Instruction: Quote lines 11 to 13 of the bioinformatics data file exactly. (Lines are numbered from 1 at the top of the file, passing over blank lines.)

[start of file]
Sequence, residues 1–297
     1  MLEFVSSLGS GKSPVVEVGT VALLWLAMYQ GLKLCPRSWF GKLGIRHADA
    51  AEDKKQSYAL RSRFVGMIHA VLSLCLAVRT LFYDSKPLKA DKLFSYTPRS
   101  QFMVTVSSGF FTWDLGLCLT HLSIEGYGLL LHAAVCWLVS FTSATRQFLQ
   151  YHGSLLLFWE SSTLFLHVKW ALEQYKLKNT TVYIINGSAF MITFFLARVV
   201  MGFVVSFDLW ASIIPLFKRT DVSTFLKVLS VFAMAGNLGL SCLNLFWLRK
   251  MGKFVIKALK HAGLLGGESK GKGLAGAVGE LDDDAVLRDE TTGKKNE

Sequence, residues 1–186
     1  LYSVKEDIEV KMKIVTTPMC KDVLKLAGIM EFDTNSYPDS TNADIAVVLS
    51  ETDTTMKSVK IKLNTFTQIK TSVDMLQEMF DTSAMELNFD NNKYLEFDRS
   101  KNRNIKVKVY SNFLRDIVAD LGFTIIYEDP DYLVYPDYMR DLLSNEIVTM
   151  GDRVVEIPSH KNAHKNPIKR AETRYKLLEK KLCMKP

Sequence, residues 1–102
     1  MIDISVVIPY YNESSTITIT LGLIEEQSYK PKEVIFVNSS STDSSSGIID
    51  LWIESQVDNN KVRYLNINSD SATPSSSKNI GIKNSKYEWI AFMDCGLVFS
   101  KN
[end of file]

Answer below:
   101  KNRNIKVKVY SNFLRDIVAD LGFTIIYEDP DYLVYPDYMR DLLSNEIVTM
   151  GDRVVEIPSH KNAHKNPIKR AETRYKLLEK KLCMKP

Sequence, residues 1–102